Insurance ID card
The card, provided by your health plan, that your provider uses to verify coverage and processes billing of your claim. It is important that you present this card each time you use healthcare services.
The amount you pay (usually per pay period) to have health insurance. HSA-qualified plans typically have lower premiums than traditional health plans.
Maximum out of pocket
After you pay this amount in a plan year for medical expenses, your health plan will cover all healthcare costs completely.
A provider who does not participate in your health plan network and has no agreement with your health plan. You can still use your HealthEquity account to pay qualified medical expenses incurred at out-of-network providers.
For HSA-qualified plans: The maximum amount you will pay out of pocket, including prescriptions, and your deductible. For other plans: The concept is similar, but copays, coinsurance and other costs may or may not be included in the calculation of your out-of-pocket maximum. Contact your health plan for more details about your specific coverage.
A contract with an insurance company that guarantees you certain coverage for expenses, premium amounts to keep coverage, and rates paid to providers for incurred expenses.
Point of Sale (POS)
The terminal where you make payment with your healthcare account debit card.
Contributing funds to your HealthEquity account on a pre-tax basis is a benefit that can save you and your employer thousands of dollars over the life of the account on federal and state income taxes.*
Contributing to an HealthEquity account can lower your taxable income, which can help you save money each year when you file your federal and state income taxes. Please see your tax advisor for your State’s specific tax rules related to your HealthEquity account.
Preferred Provider Organization (PPO)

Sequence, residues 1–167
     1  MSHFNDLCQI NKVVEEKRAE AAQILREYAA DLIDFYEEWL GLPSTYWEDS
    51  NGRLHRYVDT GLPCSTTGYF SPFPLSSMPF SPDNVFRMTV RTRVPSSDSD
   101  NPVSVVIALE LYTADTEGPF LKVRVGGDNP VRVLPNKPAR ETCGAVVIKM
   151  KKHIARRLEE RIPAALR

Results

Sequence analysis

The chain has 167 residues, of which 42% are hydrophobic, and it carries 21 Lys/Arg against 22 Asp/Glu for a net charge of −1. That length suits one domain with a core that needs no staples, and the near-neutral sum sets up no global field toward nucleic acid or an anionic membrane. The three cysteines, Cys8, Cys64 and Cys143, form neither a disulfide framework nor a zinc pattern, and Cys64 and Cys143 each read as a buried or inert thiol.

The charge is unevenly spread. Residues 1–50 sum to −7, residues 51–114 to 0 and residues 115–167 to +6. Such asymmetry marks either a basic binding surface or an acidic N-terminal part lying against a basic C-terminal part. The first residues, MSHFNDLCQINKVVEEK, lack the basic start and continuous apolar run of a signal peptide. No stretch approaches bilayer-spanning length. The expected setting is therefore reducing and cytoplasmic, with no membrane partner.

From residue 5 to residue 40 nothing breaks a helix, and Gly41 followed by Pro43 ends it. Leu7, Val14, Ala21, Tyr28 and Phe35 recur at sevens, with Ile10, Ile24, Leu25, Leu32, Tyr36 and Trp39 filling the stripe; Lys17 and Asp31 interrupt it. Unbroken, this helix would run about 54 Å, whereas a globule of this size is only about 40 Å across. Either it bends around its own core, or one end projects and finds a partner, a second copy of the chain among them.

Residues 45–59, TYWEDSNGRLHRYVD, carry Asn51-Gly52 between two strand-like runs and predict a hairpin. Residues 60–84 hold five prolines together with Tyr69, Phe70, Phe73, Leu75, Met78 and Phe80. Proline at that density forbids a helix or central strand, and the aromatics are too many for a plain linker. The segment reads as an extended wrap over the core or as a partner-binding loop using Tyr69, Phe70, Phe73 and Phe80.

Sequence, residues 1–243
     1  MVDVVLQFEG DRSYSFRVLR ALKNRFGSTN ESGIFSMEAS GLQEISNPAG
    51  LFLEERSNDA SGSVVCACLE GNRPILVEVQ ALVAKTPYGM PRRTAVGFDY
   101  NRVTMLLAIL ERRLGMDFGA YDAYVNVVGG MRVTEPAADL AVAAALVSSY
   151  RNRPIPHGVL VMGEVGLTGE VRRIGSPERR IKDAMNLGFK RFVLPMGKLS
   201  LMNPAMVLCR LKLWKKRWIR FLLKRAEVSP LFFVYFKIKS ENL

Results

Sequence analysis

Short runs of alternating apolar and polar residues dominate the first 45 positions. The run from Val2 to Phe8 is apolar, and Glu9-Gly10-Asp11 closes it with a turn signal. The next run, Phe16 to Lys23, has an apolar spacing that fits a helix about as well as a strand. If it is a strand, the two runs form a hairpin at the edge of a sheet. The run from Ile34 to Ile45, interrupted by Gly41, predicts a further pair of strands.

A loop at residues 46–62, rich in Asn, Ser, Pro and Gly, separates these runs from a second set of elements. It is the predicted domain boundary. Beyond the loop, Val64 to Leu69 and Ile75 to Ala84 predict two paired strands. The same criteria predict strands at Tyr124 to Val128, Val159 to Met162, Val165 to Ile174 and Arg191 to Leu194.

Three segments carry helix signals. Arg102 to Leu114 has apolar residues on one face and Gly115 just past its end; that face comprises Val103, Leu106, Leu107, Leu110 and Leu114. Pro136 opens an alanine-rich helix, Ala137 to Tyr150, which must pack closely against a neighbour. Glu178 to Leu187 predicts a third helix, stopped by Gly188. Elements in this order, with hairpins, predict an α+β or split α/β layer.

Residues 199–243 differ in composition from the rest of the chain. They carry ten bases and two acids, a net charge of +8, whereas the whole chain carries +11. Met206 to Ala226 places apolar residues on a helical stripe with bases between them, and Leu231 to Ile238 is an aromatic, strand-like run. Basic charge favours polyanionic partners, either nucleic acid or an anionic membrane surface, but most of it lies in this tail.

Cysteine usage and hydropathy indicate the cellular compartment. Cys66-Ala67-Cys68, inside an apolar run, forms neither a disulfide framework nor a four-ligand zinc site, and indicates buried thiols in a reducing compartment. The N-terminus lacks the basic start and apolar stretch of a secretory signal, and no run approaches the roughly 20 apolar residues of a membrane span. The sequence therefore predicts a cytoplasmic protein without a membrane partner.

An arrangement in which a health plan contracts with hospitals and doctors to establish a network of participating providers. You generally may pay lower costs when you incur medical expenses within the established network. You can still use your HealthEquity account to pay qualified medical expenses incurred at out-of-network providers.
The amount you pay for health plan insurance coverage (usually monthly).
The doctor or other healthcare professional who provides healthcare services.
Provider invoice (provider statement)
The bill from your provider for services received. It should reflect the adjustments presented on the explanation of benefits (EOB) from your health plan.
Qualified medical expenses
Expenses that can be paid tax free using your HSA.
Money you distribute from your HealthEquity account to pay yourself back for out-of-pocket qualified medical expenses. There is no deadline to reimburse yourself for qualified medical expenses from your HSA; but, there are specific deadlines for reimbursements on your Flexible Spending Account (FSA), Limited Purpose Flexible Spending Account (LPFSA), and Dependent Care Flexible Spending Account (DCFSA) and you should check your plan documents for those details.
*HealthEquity does not provide legal, tax or financial advice. Always consult a professional when making life-changing decisions.